Pompeo’s Settlement Statement: Facts on the Ground

November 18, 2019
US Secretary of State Mike Pompeo (Photo by Laszlo Balogh/Getty images)

The Bluff

Note the double negative in the statement by Secretary of State Mile Pompeo: “the establishment of Israeli civilian settlements in the West Bank is not, per se, inconsistent with international law”. Pompeo did not say that establishing settlement is consistent with international law. He said it is not inconsistent. And more importantly he said it does not matter. That is, international law does not matter. In. fact, I’d argue that his most important observation was the following sentence: “The hard truth is that there will never be a judicial resolution to the conflict, and arguments about who is right and who is wrong as a matter of international law will not bring peace.”

Are settlements illegal? Thoughtful people can have a sincere debate about that.

Can there be a judicial resolution to the conflict? There can be no serious debate about that.

This means that Pompeo’s most important observation is plainly true. International law has no practical meaning in the context of the Israeli-Palestinian conflict (and one could legitimately wonder if it has any meaning anywhere). Inserting it into the conversation is a disruption. Inserting it into the conversation is a manipulation. It is a tactic aimed at presenting Israel as a pariah state, a state guilty of criminality.

We should thank Secretary Pompeo and the Trump administration for calling this bluff.


The Settlements

When Pompeo said that settlements were not illegal, he did not say that they were not damaging to the cause of peace. He did not say they were not stupid. Again, this is less a statement on the settlements, and more a statement on the role and the limitations of international law.

The settlements are a separate issue. As Pompeo said, they create new realities on the ground. They create realities that some people see as disastrous. True, international law is irrelevant to talking about the settlements. And yet, we need to talk about the settlements, the strategy behind them, their advantages and disadvantages. We still need to talk about an area in which millions live under Israel’s control without having full political rights. We still need to consider the options for Israel as it moves forward, mixing settlers and Palestinians in ways that could make separation complicated, if not impossible.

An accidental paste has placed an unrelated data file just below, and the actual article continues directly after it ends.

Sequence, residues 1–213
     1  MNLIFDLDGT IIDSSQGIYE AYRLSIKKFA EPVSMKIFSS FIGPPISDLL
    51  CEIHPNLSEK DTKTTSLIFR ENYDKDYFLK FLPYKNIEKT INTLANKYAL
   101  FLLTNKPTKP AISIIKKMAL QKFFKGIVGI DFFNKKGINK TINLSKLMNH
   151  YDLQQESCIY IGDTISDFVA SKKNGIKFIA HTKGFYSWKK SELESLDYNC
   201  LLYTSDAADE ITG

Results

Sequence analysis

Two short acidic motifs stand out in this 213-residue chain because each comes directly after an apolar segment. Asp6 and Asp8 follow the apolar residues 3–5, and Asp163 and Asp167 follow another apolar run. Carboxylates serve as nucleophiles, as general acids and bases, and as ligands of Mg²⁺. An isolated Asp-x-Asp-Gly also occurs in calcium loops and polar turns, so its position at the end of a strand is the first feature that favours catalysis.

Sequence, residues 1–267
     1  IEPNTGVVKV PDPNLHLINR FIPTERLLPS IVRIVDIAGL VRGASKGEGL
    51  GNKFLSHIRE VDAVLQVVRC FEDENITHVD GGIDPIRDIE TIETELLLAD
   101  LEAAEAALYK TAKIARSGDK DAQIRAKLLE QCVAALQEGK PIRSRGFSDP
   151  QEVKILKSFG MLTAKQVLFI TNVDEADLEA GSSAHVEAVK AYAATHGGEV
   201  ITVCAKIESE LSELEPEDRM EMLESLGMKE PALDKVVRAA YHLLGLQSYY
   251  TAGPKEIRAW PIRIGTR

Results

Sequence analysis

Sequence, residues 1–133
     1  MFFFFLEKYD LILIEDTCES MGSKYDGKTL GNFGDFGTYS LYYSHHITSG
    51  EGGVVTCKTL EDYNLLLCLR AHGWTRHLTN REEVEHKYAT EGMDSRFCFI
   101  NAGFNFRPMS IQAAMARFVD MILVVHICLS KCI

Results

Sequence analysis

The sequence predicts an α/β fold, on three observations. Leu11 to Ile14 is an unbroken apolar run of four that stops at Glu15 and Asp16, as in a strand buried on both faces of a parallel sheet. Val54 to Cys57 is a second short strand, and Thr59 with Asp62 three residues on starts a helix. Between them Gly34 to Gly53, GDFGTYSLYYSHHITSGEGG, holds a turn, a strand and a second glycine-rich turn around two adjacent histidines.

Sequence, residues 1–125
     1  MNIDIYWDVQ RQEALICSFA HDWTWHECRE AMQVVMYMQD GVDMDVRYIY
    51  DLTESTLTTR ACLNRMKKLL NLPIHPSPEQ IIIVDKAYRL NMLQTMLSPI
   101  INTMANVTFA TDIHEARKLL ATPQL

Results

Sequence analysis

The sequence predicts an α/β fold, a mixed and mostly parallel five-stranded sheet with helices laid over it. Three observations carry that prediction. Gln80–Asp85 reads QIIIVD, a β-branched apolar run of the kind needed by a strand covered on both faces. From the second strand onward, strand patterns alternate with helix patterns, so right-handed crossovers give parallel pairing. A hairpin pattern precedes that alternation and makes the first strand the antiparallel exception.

The Timing

A few days ago, the European Union’s top court ruled that European countries must label products made in Israeli settlements. Pompeo’s declaration is a clear and immediate rebuff of this unwise decision by the court. Again, it is calling a bluff: this is not a judicial decision based on law, it is a political decision expressing Europe’s opposition to settlement activity.

So, the timing is important, but Israel will still have to deal with a European Union – its largest business partner – whose policy is to use international law as an excuse for labeling products made by Jews who live in a certain, disputed area.

Timing is also important because Israel is in the midst of a nutty political process. And Pompeo’s statement – on the heels of last week’s Gaza eruption – make a coalition supported by the Arab Party seem less viable. The leader of Blue and White, Benny Gantz, responded favorably to the U.S. change of policy. The leaders of the Arab bloc are furious. In other words, Pompeo added another wedge to the many wedges that separate Gantz and the Arabs, and made a coalition headed by him and supported by them, seem unrealistic (if not impossible).


The Response

Europe disagrees with the Trump administration. This was to be expected.

The Palestinians are unhappy. That’s natural.

Most Jewish organizations meekly support the statement (AIPAC), or strongly oppose it (Reform rabbis). Unfortunate, and yet predictable.

Democratic presidential candidates disagree with the Trump administration. “The Trump administration’s statement on West Bank settlements is not only a significant step backward in our efforts to achieve a two-state solution to the Israeli-Palestinian conflict, it is the latest in a pattern of destructive decisions that harm our national interests,” said Presidential candidate Pete Buttigieg. That’s important because of simple truth: The Trump administration altered a position that can be altered back. In other words, should Sanders, Biden, Warren or Buttigieg enter the Oval Office, they can conceivably restore the “settlements illegal” policy.

And yet, unlike statements, some facts on the ground are not easy to undo. When the US embassy was moved to Jerusalem, Democratic candidates were unhappy, but it’s unlikely that any of them would attempt to move the embassy back to Tel Aviv. With settlement activity they will have a similar problem: What Israel decides to build under a Trump umbrella will add “facts on the ground” to the statement. Reversing the statement will be possible, evacuating these settlements much more difficult.


Syria Situation: To understand the situation on the Israel-Syria border (rockets, Iron Dome activated, reports on recent attacks), listed to Rosner’s Podcast with Prof. Eyal Zisser, a leading expert on Israel-Syria relations. It is here.


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